Kinetics of receptor internalization
HEK-293 cells transfected with WT or variant CCR5 receptors, were resuspended at 1 × 106 cells/ml in binding medium and placed at 37°C with agitation. CCL5 (1 μg/ml) was added and the cells were incubated for various times. Cells were harvested by mixing on ice with ice-cold PBS and then fixed in 1% paraformaldehyde. After PBS washes, the samples were transferred to FACS buffer and then incubated with monoclonal anti-human CCR-5-fluorescein (R&D Systems, FAB182F) for 1 h at 4°C. Data represented as a percentage of the initial surface staining of cells that were exposed to CCL5. The data for each variant were matched to the corresponding WT time point and subjected to the one-tailed paired t-test with a 95% confidence interval to determine significant differences.
HIV-1 infection of HEK-CCR5 variant transfectants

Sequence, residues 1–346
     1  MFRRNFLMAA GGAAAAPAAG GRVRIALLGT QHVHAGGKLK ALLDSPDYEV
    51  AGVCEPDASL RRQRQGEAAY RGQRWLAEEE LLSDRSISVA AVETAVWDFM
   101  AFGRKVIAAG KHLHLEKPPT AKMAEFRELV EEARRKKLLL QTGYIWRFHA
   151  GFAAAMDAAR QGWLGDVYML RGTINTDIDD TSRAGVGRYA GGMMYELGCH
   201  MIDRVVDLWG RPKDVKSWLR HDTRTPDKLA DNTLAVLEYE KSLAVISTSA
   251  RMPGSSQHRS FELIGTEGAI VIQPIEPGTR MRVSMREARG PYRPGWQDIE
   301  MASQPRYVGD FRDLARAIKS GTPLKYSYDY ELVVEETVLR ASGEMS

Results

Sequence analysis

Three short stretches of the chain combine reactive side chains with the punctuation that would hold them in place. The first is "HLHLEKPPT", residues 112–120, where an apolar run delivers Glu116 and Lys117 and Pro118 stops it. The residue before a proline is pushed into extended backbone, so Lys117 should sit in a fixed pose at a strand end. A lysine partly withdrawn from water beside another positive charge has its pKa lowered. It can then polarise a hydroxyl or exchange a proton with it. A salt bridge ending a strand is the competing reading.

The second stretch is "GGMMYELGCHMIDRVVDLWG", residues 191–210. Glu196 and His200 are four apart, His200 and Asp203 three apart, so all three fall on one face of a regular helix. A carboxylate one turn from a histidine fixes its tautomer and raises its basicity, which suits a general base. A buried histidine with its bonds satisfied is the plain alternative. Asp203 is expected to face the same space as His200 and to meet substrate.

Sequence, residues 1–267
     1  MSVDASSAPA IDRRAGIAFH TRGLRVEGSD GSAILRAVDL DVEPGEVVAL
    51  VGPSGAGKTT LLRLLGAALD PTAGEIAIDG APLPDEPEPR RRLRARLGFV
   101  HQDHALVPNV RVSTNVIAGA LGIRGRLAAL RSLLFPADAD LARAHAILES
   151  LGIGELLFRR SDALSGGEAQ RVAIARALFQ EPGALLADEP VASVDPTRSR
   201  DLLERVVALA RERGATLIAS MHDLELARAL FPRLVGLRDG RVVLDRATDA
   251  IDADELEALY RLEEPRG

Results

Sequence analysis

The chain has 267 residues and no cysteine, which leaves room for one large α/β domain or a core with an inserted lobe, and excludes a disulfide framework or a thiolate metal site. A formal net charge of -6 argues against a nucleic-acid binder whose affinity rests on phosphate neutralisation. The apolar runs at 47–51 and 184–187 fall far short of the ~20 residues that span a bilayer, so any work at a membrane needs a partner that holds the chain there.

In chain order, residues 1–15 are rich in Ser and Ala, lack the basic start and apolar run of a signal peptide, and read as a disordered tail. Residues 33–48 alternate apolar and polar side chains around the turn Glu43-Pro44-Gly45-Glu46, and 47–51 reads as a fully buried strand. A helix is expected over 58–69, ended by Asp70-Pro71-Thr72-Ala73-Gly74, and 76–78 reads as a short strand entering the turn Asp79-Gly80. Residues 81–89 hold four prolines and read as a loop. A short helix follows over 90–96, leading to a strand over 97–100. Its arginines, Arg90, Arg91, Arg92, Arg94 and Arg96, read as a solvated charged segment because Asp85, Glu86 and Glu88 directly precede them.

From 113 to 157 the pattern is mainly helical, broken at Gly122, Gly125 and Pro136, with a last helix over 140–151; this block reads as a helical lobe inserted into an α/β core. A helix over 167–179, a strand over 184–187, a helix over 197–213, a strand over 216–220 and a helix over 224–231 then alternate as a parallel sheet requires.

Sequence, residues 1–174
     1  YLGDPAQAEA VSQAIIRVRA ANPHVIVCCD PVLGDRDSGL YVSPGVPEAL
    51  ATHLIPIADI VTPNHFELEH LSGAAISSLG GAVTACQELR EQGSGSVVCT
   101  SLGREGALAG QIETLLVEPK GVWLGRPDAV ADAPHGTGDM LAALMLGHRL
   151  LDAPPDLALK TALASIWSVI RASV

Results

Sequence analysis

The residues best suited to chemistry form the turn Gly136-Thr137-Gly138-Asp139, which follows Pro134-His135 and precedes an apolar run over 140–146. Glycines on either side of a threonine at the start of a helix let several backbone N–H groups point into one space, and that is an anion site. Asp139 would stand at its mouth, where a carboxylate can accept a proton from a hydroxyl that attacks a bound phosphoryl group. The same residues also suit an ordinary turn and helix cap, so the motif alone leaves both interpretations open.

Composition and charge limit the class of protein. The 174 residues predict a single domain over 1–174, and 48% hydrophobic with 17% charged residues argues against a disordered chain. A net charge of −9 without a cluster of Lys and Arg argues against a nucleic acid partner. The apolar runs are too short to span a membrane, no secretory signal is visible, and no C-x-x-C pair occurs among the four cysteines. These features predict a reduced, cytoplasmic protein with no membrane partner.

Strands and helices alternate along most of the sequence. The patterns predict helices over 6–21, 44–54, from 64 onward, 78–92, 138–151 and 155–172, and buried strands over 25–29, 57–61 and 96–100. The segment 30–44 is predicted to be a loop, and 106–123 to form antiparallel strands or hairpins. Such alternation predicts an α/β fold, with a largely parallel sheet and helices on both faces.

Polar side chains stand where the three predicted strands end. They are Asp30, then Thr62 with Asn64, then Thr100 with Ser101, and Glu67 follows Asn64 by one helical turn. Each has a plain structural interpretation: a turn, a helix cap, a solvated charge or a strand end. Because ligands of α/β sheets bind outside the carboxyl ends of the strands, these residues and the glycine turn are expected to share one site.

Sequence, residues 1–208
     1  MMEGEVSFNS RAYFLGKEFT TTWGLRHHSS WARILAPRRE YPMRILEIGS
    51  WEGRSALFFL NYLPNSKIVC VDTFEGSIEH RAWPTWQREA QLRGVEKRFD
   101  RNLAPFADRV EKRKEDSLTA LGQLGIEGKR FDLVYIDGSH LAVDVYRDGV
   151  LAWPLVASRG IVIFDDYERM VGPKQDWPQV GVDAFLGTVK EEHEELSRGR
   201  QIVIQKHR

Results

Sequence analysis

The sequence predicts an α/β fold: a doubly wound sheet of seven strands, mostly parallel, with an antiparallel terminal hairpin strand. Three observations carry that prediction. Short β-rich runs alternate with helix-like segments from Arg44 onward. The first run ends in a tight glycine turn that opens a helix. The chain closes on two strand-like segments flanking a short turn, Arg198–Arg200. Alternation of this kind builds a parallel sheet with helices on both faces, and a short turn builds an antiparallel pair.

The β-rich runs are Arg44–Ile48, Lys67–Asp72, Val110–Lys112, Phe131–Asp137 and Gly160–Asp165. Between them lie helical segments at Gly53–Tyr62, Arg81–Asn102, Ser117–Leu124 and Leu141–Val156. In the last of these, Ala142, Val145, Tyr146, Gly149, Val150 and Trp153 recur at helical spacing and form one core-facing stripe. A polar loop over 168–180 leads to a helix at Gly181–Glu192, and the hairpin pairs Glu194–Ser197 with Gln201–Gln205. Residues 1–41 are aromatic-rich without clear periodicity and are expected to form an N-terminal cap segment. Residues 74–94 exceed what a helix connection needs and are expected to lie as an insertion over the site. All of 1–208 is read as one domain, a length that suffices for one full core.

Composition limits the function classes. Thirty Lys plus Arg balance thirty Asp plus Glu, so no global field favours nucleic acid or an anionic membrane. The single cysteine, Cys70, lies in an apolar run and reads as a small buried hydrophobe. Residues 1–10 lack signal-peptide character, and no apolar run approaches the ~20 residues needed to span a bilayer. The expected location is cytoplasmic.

Stably transfected HEK-CCR5 variants were transiently cotransfected by electroporation with a CD4 expression vector.40 Following electroporation, cells were cultured for 24 h without geneticin followed by removal of the nonadherent cells. The adherent cells were counted and plated at a density of 1 × 105 cells/well in a 24-well plate for overnight culture. The medium was removed and the cultures pretreated for 30 min with 1 μg/ml CCL5, CCL4, 10 μM NSC 651016 or 10 μg/ml of dextran sulfate. Dextran sulfate serves as a background control for receptor-mediated virus infection in these semiquantitative proviral DNA assays. Lymphotropic HIV-1 RF (uses CXCR4 as primary coreceptor) or monotropic HIV-1 BaL (uses CCR5 as primary coreceptor) were added with a final MOI of 1–0.1 and the cultures continued for 24 h. The cells were lysed and genomic DNA isolated by the protease K/phenol:chloroform method. PCR was performed on 0.5 μg of total cellular DNA using the M661/M667 primer pair, which identifies HIV gag DNA.63 The PCR conditions were previously reported and shown to be semiquantitative.63 Following PCR, each sample was quantitatively transferred to a 2% agarose gel. The amount of proviral gag DNA was visualized by ethidium bromide staining. The results were photographically documented (UVP, Image Store, Upland, CA, USA) at a 1 : 1 ratio. Densitometry was performed using NIH Image version 1.61 (NIH shareware). The densitometry units were made relative to each other by setting the CCR5WT RF value to 1.0.